Learn Rapid Python Programming Now!

This book can bring you one step closer to rapidly learning the worlds most popular programming language. This book quickly builds from beginner to interm ediate, and introduce a few advanced topics.

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You can learn to program using Python

- No experience necessary to begin learning to writing programs using python. -

'Rapid Python Programming' will take you from from absolute beginner to being able to write basic Python in a very short time.

Basics

This tutorial will teach you the basics of Python in 10 minutes. Consider this a cheatsheet to get up to speed quickly with Python.

Obviously, if you really want to learn a language you need to program in that language for a while. My book will help you with that. Chances are python might already be installed if you run Linux or Apple. If you run windows you can download at python.org. After you have downloaded and installed python. You can acces the python via the "command prompt" or "terminal".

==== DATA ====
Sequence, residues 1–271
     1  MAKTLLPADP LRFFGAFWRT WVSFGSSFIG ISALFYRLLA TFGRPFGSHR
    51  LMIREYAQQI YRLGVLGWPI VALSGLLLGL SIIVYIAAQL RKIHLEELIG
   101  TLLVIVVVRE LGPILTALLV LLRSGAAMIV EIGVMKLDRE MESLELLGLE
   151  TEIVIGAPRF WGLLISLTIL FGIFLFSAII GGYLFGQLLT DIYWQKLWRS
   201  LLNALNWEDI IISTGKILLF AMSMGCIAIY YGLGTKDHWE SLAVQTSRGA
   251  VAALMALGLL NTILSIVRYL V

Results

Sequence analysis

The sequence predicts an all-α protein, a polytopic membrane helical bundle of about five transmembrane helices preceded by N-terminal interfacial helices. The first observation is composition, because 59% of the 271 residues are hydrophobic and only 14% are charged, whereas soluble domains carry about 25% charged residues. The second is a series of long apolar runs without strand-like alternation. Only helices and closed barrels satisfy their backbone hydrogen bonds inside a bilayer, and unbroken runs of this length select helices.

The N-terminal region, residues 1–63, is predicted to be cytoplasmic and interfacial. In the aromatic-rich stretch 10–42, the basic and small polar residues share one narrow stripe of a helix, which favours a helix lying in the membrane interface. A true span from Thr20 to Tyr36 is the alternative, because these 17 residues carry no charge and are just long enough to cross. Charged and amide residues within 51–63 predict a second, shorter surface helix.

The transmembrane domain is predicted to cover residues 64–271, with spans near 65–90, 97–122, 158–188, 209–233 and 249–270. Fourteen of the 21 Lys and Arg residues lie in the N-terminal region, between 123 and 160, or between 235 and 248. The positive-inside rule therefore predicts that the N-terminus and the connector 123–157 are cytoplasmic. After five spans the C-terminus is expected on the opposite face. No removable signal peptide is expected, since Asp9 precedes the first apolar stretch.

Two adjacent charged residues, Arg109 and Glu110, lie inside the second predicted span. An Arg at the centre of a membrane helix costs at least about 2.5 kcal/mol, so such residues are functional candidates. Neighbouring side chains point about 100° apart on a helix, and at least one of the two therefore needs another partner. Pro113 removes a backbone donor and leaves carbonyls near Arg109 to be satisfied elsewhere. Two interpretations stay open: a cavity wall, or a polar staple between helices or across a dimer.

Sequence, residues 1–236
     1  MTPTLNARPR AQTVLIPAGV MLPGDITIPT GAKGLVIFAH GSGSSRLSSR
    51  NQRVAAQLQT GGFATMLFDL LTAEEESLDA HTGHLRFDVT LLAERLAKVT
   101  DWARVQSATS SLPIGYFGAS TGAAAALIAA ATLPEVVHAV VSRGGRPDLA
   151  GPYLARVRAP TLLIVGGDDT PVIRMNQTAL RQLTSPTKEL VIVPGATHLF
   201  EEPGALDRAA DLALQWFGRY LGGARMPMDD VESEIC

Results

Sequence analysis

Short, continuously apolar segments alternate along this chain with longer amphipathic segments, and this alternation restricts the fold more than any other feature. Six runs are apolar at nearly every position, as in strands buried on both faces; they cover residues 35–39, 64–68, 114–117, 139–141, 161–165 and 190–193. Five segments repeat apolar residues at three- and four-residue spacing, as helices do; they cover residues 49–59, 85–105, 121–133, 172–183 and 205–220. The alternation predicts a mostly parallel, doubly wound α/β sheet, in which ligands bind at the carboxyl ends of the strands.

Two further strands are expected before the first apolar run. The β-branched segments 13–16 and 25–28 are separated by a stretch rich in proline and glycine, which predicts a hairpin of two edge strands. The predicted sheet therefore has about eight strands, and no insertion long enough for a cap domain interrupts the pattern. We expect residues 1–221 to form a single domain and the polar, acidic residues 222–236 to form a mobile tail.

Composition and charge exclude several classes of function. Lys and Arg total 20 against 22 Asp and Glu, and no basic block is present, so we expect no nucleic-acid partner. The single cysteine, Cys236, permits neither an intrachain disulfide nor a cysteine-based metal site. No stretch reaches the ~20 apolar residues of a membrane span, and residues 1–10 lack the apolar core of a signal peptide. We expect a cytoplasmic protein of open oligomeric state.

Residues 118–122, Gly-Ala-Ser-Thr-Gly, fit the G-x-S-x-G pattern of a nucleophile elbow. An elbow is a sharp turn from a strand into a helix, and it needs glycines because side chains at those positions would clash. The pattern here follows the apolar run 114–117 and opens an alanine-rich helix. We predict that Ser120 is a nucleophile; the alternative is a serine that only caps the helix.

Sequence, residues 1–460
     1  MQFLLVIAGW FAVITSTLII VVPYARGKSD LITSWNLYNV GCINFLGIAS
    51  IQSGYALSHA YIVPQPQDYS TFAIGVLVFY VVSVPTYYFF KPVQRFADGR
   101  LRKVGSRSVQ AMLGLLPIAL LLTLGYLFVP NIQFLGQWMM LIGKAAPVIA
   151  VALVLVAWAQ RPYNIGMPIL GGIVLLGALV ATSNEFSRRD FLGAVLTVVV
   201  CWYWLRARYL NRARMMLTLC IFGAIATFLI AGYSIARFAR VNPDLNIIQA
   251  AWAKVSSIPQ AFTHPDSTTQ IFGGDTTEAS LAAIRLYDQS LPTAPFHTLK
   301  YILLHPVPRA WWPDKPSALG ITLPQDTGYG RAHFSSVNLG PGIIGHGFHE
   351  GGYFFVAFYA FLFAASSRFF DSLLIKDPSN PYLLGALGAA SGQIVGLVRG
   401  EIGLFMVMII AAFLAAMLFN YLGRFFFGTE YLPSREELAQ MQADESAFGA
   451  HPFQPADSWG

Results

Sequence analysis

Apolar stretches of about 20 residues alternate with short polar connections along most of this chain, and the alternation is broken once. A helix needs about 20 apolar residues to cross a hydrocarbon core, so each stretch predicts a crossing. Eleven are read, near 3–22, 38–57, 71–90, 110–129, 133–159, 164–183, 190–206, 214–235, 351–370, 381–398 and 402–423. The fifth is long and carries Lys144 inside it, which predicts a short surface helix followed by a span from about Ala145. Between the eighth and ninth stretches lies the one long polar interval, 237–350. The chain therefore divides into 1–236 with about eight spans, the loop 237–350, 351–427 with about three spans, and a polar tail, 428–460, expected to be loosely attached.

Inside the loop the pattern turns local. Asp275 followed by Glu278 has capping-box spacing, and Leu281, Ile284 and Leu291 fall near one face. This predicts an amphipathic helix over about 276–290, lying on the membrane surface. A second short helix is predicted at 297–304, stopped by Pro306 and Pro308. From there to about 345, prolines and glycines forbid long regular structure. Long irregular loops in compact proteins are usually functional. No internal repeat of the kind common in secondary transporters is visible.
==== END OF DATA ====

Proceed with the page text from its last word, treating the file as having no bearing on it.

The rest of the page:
When you type 'python' in the terminal you will see the following 'greater than' symbols in the screen.

>>>

This is known as the 'interpreter', and you can begin writing python code.

To exit out of this scree type quit()

>>>quit()

Getting Help

>>>help(3)
Help on int object:

class int(object)

...
..
.
(etc)

If you want detail about how an object works. All you need to do is type 'help()'. You can get a list of all objects with 'dir()'.

Variable and String


>>>myvar=40
>>>myvar+=2
>>>myvar
42
>>>mystring="Hello"
>>>mystring += " world."
>>>print(mystring)
Hello world.

# This is a comment
"""multiline
comment"""

Data types


>>> mydata = [1, ["list1", "list2"], ("my", "tuple")]
>>> mylist = ["List item 1", 2, 9.99]
>>> mylist[0] = "New list" # change first field
>>> mylist
['New list',2,9.99]
>>> mylist[-1] = 10 # Here, we refer to the last item.
>>> mylist
['New list',2,10]
>>> mydict = {"Key": "Val", 1: 20, "pi": 3.14}
>>> mydict["pi"] = 3.15 # change dictionary
>>> mydict
{1: 20, 'pi': 3.15, 'Key': 'Val'}
>>> mytuple = (1, 2, 3)
>>> myfunction = len
>>> print(myfunction(mylist))
3

If you find this interesting. The first part of the book is free here online


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